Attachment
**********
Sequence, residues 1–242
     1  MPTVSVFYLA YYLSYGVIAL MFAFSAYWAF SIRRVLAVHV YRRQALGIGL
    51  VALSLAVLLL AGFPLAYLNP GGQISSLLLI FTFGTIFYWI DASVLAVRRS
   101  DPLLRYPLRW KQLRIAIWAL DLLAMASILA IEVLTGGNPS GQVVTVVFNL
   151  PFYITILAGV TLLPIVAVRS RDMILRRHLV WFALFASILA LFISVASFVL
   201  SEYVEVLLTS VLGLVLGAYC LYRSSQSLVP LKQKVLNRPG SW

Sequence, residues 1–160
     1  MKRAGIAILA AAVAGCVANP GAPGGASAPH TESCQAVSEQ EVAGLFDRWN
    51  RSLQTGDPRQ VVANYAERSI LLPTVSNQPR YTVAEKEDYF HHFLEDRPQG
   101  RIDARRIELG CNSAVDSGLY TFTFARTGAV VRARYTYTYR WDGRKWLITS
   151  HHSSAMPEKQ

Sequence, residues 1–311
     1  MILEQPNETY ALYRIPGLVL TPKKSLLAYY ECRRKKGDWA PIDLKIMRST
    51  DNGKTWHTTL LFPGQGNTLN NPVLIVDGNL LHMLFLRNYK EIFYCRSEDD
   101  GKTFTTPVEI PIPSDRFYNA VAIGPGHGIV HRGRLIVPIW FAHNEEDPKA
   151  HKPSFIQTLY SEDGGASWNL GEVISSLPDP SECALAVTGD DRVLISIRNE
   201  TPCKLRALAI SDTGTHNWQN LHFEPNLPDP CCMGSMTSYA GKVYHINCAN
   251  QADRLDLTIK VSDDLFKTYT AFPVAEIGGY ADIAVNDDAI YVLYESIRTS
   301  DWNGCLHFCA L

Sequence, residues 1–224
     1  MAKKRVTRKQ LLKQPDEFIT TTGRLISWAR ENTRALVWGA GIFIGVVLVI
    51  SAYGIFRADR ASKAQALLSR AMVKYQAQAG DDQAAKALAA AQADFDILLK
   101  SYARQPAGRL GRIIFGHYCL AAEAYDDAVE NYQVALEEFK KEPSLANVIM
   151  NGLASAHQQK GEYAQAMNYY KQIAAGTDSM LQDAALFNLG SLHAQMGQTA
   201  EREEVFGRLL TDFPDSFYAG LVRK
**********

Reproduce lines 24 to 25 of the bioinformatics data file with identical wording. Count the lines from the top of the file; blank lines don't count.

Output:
   151  NGLASAHQQK GEYAQAMNYY KQIAAGTDSM LQDAALFNLG SLHAQMGQTA
   201  EREEVFGRLL TDFPDSFYAG LVRK